6. One holding, or a being a party to, ceremonies or practices, contrary to the Guru’s way;
7. One who defaults in the maintenance of Sikh discipline.
Any one who partakes in any of the above numbered points is declared tankahahiya: the accused in Guru’s community. These points include every aspect related to Sikhs and society. After the Hukamnamas ordained in 1978 from Sri Akal Takhat Sahib, the ‘Nirankari Sect’ is included as antagonists of Sikh Community, and anyone who keeps kinship with them becomes ‘the accused one’ – tankhahiya. However, to err is human and any Gursikh could do some mistake. As such, the Guru-verdict necessitated the construction of penalization:
Anyhow if misconduct gets unwittingly committed by a Sikh, he should go to a nearby Gurdwara, stand humbly before the congregation and admit his omission. In presence of Sri Guru Granth Sahib, ‘Five Beloved Ones’ be chosen from the congregation. The chosen ones should discuss the misdeed of the person and ask the gathering to devise the corrective ‘religious punishment’ – tankhah.
The gathering should in no way be rigid; neither should the accused be obstinate in accepting the punishment. The punishment should be in the form of a manual service, particularly to be done with hands.
The process of religious punishment – tankhah – in regard with the code of conduct makes it clear that self-acceded punishment is a religiously corrective indictment which the delinquent Sikh himself asks for by attending the congregation in a Gurdwara. But if a so-called Sikh commits some heinous misdeed which is related to Guru-Panth or the overall Sikh community, or does not present himself in the Sikh gathering for remission, then, accordance with the Guru-Panth’s legislation, he is declared the ‘accused- tankhahiya’ – from any Takhat and especially from Sri Akal Takhat Sahib. If such a Sikh, even after being declared as ‘the accused’, does not present himself before the ‘Five Chosen Ones’ at the Takhat for pardon of his misdeed, the ‘Five Ones’, as representatives of ‘Guru-Panth’, excommunicate the person from Sikh community. If we observe the historical perspective, the meenay, masand, dheermaliye, ramriye and nirankaris have summarily been discarded from the Sikh community, and any type of dealing with them is deemed ‘anti-panthic’ and in violation of community code. Violators of panthic legislation have often been declared ‘offenders’ and they have been, sooner or later, coming to the supreme sovereign seat of Guru-Panth, Sri Akal Takhat Sahib for accepting the punishment. It is not a new tradition; rather it is Panthic practice in support of which we get many examples since the Guru period in Sikh history.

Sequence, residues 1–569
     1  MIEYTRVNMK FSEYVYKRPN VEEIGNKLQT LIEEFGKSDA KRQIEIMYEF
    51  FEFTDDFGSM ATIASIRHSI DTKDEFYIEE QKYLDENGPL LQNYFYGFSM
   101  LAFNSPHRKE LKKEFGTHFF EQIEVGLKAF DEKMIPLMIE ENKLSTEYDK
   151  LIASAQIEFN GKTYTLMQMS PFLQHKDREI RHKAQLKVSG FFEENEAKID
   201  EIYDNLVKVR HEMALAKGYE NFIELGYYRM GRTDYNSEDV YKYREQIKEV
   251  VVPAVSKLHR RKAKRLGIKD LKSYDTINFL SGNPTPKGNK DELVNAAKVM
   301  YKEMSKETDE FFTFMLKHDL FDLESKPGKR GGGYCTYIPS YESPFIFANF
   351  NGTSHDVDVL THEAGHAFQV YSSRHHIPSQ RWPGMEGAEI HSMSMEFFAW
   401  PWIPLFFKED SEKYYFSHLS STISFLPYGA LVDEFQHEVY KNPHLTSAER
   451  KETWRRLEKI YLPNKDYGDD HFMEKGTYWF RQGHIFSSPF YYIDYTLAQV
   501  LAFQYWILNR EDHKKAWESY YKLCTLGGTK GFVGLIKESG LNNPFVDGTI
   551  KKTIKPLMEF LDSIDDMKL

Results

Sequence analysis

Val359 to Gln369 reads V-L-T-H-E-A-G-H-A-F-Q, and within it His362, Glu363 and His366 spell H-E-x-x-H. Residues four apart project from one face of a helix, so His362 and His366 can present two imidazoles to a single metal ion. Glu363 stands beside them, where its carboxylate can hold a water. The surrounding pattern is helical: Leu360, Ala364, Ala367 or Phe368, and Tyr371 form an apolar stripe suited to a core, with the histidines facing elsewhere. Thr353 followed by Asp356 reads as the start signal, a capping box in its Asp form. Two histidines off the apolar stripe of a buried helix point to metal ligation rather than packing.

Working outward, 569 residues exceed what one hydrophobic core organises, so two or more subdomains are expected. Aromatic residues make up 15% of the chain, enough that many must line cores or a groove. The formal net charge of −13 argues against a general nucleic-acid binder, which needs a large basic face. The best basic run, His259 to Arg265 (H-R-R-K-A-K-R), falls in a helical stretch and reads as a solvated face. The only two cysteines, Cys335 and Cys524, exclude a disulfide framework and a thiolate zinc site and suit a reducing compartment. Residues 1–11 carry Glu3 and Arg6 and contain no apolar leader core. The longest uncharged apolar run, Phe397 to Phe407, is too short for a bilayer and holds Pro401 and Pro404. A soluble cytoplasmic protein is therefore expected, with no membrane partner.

One point needs to be reiterated that acceptance of punishment means that so-unwittingly committed misdeed is not repeated. Also, the other religious brethren get an admonition out of it.
At the time of awarding punishment, there should be no prejudice in any way. It is divine repute of the ‘Guru-Panth’ to purge a Sikh of its religious or social sluggishness and bestow upon him an ever blissful state of living.